(Please excuse any formatting problems, WordPress of Android app can suck it.)



Who Are Your Heroes? Mine Are Farmers.

Hero: he·ro/ˈhi(ə)rō/, noun:

  1. A person who is admired for courage or noble qualities.
  2. One who saves lives

 

Our society is based on a “hero mentality,” with us commoners daydreaming about those who would be there to save us from whatever evils would befall us.  There are movie and comic-book (sorry, graphic novel) based super heroes with otherworldly powers saving puny humans from natural disasters, historical bad guys, and other super people whom have chosen to live a life of utter evil.  There are every day heroes like doctors and nurses and the mortal humans whom keep you healthy and safe.  There are even celebrity heroes such as Steven Tyler, whom work diligently to save you from having to listen to the wrong singing talent on your television.  Thanks, ST.  These heroes all serve their purpose in life, from stopping your gaping bleeding wounds, to saving your sanity, to keeping your house from burning to the ground, to just simply giving you hope that giant flying magnetically charged creatures from another dimension will not be descending upon your city to devour or enslave its population.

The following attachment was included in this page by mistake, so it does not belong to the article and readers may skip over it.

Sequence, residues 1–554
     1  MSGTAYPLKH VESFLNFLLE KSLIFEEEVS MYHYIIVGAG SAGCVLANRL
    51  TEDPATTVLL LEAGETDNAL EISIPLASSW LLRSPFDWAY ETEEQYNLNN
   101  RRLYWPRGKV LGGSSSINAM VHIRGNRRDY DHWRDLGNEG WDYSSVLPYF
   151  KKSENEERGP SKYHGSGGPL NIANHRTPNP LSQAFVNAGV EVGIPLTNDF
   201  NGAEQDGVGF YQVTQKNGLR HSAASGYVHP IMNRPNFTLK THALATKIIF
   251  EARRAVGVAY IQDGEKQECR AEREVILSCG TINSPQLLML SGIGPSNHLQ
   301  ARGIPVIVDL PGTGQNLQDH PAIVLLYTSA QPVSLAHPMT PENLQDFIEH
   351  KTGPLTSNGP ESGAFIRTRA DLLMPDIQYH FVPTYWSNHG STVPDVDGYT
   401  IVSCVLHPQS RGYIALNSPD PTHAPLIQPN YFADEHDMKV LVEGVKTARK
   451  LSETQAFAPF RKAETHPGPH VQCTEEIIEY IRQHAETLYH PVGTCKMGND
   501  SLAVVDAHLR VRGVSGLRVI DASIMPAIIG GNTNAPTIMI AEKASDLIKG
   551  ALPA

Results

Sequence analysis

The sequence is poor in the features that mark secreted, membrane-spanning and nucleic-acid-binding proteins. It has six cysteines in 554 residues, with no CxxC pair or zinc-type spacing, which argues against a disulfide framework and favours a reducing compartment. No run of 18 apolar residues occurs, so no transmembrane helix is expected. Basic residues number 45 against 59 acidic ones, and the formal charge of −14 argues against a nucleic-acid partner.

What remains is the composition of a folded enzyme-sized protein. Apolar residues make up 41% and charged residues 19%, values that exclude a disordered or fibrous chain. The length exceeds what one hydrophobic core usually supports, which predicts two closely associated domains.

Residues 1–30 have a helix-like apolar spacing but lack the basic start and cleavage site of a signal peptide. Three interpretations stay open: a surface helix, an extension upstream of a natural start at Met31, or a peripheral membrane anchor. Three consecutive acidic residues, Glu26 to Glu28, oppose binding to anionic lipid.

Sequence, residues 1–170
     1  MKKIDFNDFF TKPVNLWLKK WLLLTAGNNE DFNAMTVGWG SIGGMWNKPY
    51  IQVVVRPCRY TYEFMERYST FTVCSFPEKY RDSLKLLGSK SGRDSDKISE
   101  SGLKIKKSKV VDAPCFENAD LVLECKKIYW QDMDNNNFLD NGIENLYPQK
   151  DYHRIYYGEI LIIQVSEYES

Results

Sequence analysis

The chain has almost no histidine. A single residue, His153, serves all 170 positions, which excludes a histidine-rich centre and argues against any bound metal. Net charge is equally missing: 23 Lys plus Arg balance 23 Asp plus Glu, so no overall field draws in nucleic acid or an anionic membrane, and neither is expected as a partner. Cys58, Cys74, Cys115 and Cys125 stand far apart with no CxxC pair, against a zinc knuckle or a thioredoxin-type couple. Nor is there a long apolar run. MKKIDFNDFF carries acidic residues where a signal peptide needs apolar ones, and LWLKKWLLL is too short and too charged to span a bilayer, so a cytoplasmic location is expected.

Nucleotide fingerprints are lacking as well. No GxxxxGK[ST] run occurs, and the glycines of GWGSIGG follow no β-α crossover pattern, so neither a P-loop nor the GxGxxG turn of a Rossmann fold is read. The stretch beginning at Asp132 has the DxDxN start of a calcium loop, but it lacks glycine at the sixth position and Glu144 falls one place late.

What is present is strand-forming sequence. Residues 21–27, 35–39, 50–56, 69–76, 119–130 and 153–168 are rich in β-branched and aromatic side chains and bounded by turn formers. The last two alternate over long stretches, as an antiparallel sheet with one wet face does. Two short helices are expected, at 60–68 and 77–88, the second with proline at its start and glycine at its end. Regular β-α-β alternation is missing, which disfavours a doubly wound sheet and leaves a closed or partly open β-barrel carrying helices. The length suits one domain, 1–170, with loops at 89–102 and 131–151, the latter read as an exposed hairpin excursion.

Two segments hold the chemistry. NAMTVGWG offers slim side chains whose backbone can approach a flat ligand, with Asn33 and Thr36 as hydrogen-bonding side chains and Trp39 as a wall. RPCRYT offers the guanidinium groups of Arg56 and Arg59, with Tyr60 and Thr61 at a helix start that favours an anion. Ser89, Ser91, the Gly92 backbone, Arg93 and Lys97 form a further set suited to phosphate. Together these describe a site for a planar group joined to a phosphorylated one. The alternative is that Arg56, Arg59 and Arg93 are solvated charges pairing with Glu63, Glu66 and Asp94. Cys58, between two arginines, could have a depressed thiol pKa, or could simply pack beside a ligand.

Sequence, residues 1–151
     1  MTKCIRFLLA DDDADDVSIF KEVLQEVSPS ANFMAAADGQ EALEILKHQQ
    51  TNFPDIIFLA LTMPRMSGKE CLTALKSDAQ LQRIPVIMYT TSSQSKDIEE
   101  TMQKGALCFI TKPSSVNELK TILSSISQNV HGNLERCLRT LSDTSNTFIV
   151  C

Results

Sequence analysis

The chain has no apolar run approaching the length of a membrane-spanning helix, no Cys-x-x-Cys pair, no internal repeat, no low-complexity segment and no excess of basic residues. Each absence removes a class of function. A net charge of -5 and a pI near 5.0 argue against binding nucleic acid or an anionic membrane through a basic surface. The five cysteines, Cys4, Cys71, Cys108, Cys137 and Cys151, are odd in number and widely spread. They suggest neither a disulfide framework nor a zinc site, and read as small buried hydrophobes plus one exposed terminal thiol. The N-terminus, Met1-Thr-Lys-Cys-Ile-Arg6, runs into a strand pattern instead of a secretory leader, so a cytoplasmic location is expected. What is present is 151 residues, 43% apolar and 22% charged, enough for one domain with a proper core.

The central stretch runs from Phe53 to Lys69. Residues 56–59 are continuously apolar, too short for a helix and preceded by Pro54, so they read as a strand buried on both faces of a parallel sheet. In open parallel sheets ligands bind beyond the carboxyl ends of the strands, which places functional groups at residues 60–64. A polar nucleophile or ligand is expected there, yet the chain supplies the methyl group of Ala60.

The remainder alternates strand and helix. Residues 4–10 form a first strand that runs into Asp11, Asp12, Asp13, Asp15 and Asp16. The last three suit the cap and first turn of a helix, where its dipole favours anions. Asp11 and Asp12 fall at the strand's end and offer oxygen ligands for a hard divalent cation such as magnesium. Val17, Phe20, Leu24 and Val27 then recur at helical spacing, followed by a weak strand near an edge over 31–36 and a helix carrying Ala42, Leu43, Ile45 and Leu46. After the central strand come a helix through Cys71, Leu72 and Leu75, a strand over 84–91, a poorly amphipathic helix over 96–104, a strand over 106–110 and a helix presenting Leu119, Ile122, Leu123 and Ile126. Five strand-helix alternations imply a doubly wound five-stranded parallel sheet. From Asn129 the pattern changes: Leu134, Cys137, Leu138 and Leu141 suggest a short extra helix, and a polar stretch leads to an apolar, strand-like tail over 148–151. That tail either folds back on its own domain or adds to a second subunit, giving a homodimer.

Larry Cleverley of Cleverley Farms in Mingo, Iowa watching the sun set over the farm. Larry is a real hero.

But who are the real heroes of our lives?  The people raising the food you (should) be eating.  There is really no more noble, humble, or courageous a profession than to be a farmer.  A real farmer, someone concerned with the well-being of not their bank accounts or the happiness of corporate overlords, but with the health of the land they farm and the people being fed from that land, and of the welfare of the community surrounding their farm.

Does this make you hungry?

My hero’s a farmer.  A real farmer.  A person whom I can talk to, have a conversation about what they are raising, and not be given the run-around due to someone above them putting restrictions on what they can or can’t say about their operation.  I see these people as the real heroes of our world, sustainable raising nourishing items that can feed our population…without creating more health-realated problems.  The farmers who understand what to do with the food they raise, the ones whom can teach cooks or chefs what to do with their wares, the farmers that spend their lives feeding you FROM THE HEART, making sacrifices, getting out to the markets to sell to and meet produce/meat buyers face to face.  THIS is a real hero.  People like this guy:

Because THIS is what makes me hungry.

Today’s rant isn’t supposed to be some wildly informative treatise on local sustainable farming/food, but just to get you in that mindset.  Spring is around the corner and we will be talking more in the near future about ways to enrich your lives through these heroes of agriculture.

I hope that you are as excited as we are…

The cook.